Cultural Mindfulness: Going Beyond Cultural Stereotyping | 文化的マインドフルネス:文化的ステレオタイプを越えて

Originally written in English

This article first published at The HR Agenda Magazine [November 2017-February 2018 issue].

Cultural intelligence is important and necessary, but it's Cultural Mindfulness that unlocks the path to successfully navigating today's multicultural workplaces.

The Japan HR Society (JHRS), now celebrating its 10th year, is a perfect example of cultural diversity. It’s in our DNA. While most of our hundreds of members, newsletter and magazine subscribers (Japanese and foreigners alike) are based in Japan, the JHRS experience is undoubtedly enhanced by people and partners coming from all over the world. They add to the group’s already colorful and diverse composition, making JHRS a melting pot of HR ideas, wisdom, and best practices all aiming to advance the HR agenda.

As expected, with cultural diversity comes differences in thoughts and actions – a good and necessary outcome for the workplace. But the dynamics diversity brings also pose some unique challenges. If someone unintentionally or ignorantly commits some cultural faux pas, misunderstanding and miscommunication can easily arise.

As such, more and more professionals and organizations are investing in cultural training to help them navigate today's increasingly culturally diverse business spaces. Educating yourself to be culturally intelligent without proper context and framework, however, can lead to mindless cultural training. It results in cultural stereotyping, which only serves to exacerbate the original problem of cultural insensitivity.

So what is the solution? I propose Cultural Mindfulness.

Cultural Mindfulness Cultureis broadly defined as the ideas, customs and social behaviour of a particular people or society. In an organizational setting, culture is the collection of written and unwritten values, philosophies and practices that govern how members of the organization behave and interact internally and externally.

Mindfulness, meanwhile, is commonly known as the psychological process of bringing one's attention to experiences occurring in the present moment. In other words, it’s “being at the moment” or “living in the moment” and being conscious of our own thoughts and behaviours as we interact with other people or situations.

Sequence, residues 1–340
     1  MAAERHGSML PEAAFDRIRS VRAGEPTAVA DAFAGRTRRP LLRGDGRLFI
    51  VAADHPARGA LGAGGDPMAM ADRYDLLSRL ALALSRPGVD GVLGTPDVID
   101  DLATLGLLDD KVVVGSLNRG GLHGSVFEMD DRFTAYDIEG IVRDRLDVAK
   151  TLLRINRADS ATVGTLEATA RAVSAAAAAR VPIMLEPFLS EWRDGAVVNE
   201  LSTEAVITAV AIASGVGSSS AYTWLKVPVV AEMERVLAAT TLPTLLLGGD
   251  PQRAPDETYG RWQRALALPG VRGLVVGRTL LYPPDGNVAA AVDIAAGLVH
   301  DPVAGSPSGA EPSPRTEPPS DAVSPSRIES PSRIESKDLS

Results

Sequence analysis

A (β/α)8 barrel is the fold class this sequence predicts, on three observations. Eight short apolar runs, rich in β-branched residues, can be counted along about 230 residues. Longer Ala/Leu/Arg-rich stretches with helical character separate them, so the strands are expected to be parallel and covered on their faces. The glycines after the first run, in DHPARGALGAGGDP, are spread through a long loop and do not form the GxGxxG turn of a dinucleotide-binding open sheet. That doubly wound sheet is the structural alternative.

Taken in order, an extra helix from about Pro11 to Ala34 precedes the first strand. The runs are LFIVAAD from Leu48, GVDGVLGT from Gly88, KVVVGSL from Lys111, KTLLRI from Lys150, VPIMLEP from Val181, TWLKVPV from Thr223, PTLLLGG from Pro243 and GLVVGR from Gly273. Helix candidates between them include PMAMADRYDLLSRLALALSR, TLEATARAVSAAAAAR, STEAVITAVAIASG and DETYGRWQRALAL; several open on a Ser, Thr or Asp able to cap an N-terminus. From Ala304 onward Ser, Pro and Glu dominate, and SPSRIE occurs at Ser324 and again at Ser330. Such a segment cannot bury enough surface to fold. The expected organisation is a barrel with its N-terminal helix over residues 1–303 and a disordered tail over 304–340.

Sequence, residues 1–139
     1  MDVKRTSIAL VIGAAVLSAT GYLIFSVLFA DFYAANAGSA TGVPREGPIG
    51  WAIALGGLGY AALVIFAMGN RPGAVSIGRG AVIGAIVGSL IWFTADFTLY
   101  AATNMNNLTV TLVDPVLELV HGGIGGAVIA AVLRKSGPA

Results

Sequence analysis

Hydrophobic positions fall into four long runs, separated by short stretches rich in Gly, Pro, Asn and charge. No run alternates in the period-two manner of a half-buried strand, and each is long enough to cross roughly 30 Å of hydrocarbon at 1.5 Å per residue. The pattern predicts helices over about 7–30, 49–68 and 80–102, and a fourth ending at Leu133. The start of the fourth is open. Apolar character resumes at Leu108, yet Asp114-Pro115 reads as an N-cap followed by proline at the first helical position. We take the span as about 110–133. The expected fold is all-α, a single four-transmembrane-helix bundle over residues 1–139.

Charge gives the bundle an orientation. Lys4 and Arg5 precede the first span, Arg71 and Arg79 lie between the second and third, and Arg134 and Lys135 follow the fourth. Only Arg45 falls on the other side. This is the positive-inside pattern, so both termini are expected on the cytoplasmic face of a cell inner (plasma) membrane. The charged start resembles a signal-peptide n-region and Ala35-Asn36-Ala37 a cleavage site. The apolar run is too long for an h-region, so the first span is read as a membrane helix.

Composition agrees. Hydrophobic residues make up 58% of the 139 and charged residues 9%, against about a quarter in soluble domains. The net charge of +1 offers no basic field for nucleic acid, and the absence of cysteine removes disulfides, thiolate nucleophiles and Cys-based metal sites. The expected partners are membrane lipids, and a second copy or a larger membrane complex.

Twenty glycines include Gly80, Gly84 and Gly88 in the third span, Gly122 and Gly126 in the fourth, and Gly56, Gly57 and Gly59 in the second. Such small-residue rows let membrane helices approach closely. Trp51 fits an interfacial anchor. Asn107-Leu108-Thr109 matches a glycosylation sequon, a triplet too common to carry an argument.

Combining the above definitions give us Cultural Mindfulness – a state of being mindful of, first,your own cultural construct, and second, the cultural constructs of the other person you are interacting with at the moment of such interaction. It simply means basing your reaction or response to the actual stimuli (the other person) without the baggage of cultural stereotyping.

It’s important to stress that the focus of cultural understanding or awareness should first be from within (yourself) and then manifest that externally by being mindful of other people’s cultural conditioning.

Why Cultural Mindfulness Simple answer: To avoid becoming too ethnocentric.

Ethnocentrism in itself is not bad. We all have and need a certain degree of ethnocentrism in our lives to have a healthy appreciation of our own background, origins and culture. Such perspective plays a significant role in how we define ourselves, form our belief systems, and identify with others. The challenge is to find the balance between knowing your own culture and being open to understanding the culture of others.

An ethnocentric worldview may lead us to:

  • a tendency to view our own culture as the “master culture”

  • develop a mentality or mindset of “us” versus “them”

  • become too self-focused and self-absorbed

  • live within our own bubbles of reality and experience, and

  • become judgmental and worse, turn into bigots, our hearts filled with hatred and rage.

Another good reason to pursue cultural mindfulness is it helps us develop an awareness of our own cultural biases. We all have and need to have biases. As leading neuroscientist Dr. David Rock says,“If you have a brain, you are biased.” Unfortunately, there are just too many cognitive biases that we, as a species, have learned and accumulated as a result of thousands of years of evolution.

Image source: Cognitive Bias Codex